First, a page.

I’ve tried looking online for similar galls on quince bushes, but haven’t found any. I’m not really sure what those things are. But sometime over the last week I spotted a definite fruit on my quince bush, for the first time. This bush is just covered in blooms in the Spring, and yet, somehow, only one fruit formed on the whole bush.
I scoured the bush, looking very closely at every branch, trying to find additional fruits, but the only thing I could find was what looks like 2 dead fruits that might be from last year. I’ll have to look more closely in the future.
If anyone knows what the mystery growths from the first picture might be, please let me know!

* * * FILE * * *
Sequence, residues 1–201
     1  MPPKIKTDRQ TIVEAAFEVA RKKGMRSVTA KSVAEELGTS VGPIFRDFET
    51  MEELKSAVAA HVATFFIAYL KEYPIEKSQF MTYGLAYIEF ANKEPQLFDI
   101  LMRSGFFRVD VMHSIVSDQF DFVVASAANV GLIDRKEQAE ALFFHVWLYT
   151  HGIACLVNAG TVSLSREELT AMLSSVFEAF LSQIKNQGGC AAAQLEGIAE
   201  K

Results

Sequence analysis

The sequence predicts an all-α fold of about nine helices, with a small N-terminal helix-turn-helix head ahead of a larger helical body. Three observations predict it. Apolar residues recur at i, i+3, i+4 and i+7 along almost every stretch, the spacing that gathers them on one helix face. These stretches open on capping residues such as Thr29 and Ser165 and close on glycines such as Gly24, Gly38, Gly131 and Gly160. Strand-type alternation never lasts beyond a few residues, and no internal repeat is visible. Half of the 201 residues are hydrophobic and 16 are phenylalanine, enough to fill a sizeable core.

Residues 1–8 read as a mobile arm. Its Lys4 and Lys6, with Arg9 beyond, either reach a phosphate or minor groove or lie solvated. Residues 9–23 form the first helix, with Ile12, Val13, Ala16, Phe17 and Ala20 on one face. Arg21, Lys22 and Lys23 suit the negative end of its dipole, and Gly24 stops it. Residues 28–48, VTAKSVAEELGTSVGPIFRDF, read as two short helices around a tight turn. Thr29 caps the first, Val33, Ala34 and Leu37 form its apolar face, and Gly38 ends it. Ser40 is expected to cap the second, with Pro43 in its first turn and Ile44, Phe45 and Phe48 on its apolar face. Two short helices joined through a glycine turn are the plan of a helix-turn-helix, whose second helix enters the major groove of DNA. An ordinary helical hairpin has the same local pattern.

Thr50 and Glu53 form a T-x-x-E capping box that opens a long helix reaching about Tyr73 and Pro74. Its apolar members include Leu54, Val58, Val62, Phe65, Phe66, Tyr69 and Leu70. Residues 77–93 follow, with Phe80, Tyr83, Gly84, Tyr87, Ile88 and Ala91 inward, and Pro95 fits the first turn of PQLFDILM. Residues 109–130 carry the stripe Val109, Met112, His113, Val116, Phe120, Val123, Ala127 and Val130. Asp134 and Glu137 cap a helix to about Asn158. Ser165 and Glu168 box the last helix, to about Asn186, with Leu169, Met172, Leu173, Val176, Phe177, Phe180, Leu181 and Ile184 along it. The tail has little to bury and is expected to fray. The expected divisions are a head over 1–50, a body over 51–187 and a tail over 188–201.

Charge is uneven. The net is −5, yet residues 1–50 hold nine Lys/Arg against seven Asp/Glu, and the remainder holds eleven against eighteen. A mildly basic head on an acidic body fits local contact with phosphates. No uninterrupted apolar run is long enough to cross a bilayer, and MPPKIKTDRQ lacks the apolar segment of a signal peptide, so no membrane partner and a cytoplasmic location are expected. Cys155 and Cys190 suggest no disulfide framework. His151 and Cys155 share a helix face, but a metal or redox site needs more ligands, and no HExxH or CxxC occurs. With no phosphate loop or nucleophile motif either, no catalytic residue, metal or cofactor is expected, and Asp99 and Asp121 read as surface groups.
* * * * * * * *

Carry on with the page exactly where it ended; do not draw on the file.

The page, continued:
I have a flowering quince bush in my backyard that has been there – probably – since shortly after the house was built in 1956. During most of the year it is a nice, full green bush. But for one month of the year, it is absolutely beautiful, covered in pink blossoms.
By the last week of January, the bush is covered in little round beads of pink. The bush is attractive enough at this point. The buds are nearly as attractive as the actual blooms. Then, a couple of weeks later all of the buds begin to open and will continue for about a month.
The bare limbs and pink blooms have a wonderful artistic look. The branches remind me of Asian art that incorporates so many blooming trees. You can already see the first of the green leaves coming out. The pink blooms will stay on the bush for a week or two after the leaves have come out before falling away.
I love that this bush blooms before anything else in my yard. Other than this bush, my backyard looks like it is the dead of winter, but this bush declares that Spring is not far away.
Already I have some Daffodil buds visible and tulips are starting to break through the surface of the soil. It won’t be long.